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Who Is Responsible For This 'Violets Are Blue' Fake News Bulls**t?

By Victoria McNally | Miscellaneous | February 14, 2017 |

By Victoria McNally | Miscellaneous | February 14, 2017 |

Valentine’s Day is rotten for pedants in two distinct ways. One: it is difficult to maintain a romantic relationship with someone if you keep correcting them all the time, and two: that Godforsaken poem. You know the one: it starts out with a strong declarative statement in “Roses are red,” and then quickly derails into total lies.

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Look at these violets. Do these look blue to you? No, they are violet. They are literally called violets. They are arguably more violet than roses are red — after all, roses come in such a widespread number of colors that elaborate coding systems have been constructed around which kind you’re supposed to give people as gifts, whereas violets only really appear in different shades of… violet. Honestly, how am I supposed to believe your claim that sugar is sweet and so am I if you’re gaslighting me into interpreting colors differently than they actually appear?

Thanks to the tireless efforts of Sesame Street and They Might Be Giants, arguably everyone in the world has heard of the color violet at this point. And yet once a year we still sacrifice our powers of critical reasoning and observation to the vast spiritus mundi that tells us violets are not what they are. Why? Who has warped our minds so thoroughly across the years?

Time would appear to lay fault at the feet of the English poet Edmund Spenser; it was his allegorical magnum opus The Faerie Queene where the link between red roses and blue violets first occurred, in a passage depicting a faerie woman bathing:

It was upon a Sommers shynie day,
When Titan faire his beames did display,
In a fresh fountaine, farre from all mens vew,
She bath’d her brest, the boyling heat t’allay;
She bath’d with roses red, and violets blew,
And all the sweetest flowres, that in the forrest grew.

However, I would argue that while Spenser first breathed life into this phrase, it’s not because of him that things have gone so off-the-rails since. Technically the first English-language written use of the term “violet” as a color didn’t appear until the late 14th century; it would be another 100 years years before the printing press made it to England, and another century after that when The Faerie Queene was first published in 1590. Spenser, meanwhile, didn’t even know how to spell the word “blue,” so we can forgive him for looking at his rigorous rhyming scheme, shrugging his shoulders, and hoping that the rubes who picked up his book hadn’t heard of a color yet.

No, the real blame lies with Gammer Gurton’s Garland, a nursery rhyme collection first published in 1784 by English antiquarian Joseph Ritson. (Side note: Gammer Gurton is also the name of the central protagonist in the earliest English language comedy ever published, circa 1575) It is this poem that has become the basis for our Valentine’s’ Day-specific psychosis:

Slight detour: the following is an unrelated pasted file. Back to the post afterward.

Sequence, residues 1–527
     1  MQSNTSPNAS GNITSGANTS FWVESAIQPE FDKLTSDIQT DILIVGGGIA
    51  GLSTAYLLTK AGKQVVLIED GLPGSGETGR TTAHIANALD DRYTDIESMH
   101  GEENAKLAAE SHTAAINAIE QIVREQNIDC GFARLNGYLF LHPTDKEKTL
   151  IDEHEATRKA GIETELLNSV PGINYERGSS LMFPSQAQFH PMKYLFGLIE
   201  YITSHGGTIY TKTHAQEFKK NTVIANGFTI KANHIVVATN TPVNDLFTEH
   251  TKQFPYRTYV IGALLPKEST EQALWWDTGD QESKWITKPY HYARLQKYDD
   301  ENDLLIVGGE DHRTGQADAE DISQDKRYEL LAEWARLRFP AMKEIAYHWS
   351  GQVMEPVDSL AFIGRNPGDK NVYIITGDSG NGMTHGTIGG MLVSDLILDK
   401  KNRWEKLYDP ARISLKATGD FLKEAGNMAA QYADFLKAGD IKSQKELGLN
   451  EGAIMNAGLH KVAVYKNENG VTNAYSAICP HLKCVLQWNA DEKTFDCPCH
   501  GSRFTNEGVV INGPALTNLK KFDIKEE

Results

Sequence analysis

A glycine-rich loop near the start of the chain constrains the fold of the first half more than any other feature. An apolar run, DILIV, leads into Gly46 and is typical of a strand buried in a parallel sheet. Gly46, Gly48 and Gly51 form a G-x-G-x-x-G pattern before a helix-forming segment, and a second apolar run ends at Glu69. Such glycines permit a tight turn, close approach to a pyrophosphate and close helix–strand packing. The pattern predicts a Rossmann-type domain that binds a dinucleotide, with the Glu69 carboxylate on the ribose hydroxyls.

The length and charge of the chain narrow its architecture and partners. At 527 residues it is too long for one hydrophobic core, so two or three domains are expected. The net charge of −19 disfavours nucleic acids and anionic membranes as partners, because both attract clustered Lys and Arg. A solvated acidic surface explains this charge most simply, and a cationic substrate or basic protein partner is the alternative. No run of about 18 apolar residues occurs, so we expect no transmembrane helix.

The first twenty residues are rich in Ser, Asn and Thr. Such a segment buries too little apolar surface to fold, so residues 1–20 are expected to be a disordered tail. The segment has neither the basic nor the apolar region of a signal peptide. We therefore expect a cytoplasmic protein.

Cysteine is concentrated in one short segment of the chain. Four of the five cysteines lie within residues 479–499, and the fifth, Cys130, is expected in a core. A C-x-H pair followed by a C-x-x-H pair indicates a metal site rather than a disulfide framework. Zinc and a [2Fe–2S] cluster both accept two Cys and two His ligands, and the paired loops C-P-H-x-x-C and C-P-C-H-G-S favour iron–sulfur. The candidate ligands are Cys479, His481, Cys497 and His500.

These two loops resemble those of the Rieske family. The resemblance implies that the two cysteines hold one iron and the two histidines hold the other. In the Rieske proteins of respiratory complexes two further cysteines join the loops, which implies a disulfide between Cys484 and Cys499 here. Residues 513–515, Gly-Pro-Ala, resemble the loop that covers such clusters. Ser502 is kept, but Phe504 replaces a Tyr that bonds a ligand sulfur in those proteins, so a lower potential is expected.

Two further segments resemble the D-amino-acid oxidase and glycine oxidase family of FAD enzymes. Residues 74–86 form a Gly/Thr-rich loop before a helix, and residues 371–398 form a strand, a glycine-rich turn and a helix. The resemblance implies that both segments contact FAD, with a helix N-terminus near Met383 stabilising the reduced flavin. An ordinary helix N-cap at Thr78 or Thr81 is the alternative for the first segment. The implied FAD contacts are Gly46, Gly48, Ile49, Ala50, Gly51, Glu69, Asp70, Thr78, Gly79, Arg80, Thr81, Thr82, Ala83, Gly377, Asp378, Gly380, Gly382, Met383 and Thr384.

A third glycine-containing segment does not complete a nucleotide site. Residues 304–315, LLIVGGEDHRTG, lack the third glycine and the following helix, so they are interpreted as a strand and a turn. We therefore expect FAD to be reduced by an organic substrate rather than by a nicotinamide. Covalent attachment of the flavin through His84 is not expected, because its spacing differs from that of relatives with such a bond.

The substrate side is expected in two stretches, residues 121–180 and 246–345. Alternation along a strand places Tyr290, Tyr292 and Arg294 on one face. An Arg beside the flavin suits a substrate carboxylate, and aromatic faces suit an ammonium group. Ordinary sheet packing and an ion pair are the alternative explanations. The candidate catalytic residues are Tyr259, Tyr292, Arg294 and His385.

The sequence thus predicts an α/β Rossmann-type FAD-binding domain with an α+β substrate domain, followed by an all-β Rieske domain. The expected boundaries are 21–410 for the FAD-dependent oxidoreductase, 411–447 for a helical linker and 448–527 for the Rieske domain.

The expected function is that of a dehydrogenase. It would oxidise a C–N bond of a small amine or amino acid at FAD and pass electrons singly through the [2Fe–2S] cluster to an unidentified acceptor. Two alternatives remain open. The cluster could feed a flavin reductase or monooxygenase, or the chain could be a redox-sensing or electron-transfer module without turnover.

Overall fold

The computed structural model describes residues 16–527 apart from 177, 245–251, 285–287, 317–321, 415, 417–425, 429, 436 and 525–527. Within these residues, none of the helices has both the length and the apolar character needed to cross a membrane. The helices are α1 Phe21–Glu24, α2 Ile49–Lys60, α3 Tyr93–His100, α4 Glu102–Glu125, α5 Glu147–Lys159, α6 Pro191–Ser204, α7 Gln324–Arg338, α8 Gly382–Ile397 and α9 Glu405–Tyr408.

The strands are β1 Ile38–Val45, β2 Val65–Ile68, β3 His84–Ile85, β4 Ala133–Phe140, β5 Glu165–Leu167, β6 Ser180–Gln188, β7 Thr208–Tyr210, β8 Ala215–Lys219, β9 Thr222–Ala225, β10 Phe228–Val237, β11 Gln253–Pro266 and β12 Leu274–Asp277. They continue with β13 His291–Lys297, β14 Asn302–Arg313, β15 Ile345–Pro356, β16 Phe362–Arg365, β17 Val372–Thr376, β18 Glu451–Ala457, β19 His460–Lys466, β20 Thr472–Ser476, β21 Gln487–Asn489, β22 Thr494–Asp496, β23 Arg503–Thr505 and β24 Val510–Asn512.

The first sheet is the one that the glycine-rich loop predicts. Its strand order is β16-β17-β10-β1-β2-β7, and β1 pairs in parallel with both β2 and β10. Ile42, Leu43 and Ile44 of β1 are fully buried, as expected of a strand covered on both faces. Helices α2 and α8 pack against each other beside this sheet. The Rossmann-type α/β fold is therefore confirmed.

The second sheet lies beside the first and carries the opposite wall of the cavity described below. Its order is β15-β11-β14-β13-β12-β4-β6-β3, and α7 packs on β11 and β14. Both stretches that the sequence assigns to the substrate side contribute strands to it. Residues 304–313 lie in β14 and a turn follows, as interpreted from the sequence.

The rose is red, the violet’s blue,
The honey’s sweet, and so are you.
Thou are my love and I am thine;
I drew thee to my Valentine:
The lot was cast and then I drew,
And Fortune said it shou’d be you

Clearly the poet is engaged in a deliberate attempt to break down their subject’s grasp on reality. I mean, you don’t try to score a valentine with a “Fate told me we have to be in love now” argument if you aren’t prepared to do some serious and damaging mental grooming beforehand.

Another fun aside: Ritson is best known for his work researching and compiling Robin Hood legends, through which he propagated another more prominent lie — that Robin Hood was not your regular thief, but a noble revolutionary who stole from the rich and gave to the poor. In addition to being a vegetarian and an atheist, Ritson was also a fierce republican (the traditional kind that wanted to end monarchy in France and give political power to the people, not the current kind that seems to want the exact opposite in the U.S.), and may have let some of his personal biases color his interpretation of the outlaw. One imagines he would have been quite at home at a Bernie Sanders rally, or at least on Twitter.

So what have we learned here today? Mostly, that even in the 18th century people were making shit up for personal gain and ascribing noble political causes to self-serving antiheroes. Let’s break it down via a poem of my own creation, which I have titled The Pedant’s Valentine:

Roses are sometimes red
Violets are commonly violet
Robin Hood didn’t actually care about poor people if he even existed at all
Wait a minute where are you going

Happy Valentimes, everybody!

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